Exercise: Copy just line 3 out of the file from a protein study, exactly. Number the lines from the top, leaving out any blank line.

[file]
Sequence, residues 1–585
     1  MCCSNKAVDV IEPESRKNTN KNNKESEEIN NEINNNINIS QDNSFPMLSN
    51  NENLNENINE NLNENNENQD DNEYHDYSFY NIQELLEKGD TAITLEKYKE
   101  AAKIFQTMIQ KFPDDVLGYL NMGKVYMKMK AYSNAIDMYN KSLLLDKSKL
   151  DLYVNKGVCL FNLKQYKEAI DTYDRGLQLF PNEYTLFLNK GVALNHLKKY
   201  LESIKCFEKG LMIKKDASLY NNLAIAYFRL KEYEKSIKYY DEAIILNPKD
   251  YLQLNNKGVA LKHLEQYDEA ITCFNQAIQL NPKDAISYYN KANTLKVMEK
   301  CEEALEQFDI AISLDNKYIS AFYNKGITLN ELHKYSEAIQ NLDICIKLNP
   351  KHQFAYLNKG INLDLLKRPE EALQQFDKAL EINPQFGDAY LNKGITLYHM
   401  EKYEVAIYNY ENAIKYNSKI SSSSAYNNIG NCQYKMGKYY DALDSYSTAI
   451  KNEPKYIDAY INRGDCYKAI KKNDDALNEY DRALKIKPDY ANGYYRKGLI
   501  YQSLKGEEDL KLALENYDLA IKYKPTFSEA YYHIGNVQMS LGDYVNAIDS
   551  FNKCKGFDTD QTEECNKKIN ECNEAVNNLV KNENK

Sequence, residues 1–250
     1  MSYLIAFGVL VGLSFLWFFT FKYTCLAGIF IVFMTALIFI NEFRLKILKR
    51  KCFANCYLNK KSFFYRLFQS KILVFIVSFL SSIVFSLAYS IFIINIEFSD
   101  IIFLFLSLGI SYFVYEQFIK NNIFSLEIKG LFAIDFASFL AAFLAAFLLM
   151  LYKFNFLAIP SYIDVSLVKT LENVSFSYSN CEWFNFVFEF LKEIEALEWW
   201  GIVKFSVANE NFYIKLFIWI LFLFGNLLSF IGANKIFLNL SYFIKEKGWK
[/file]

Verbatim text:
    51  NENLNENINE NLNENNENQD DNEYHDYSFY NIQELLEKGD TAITLEKYKE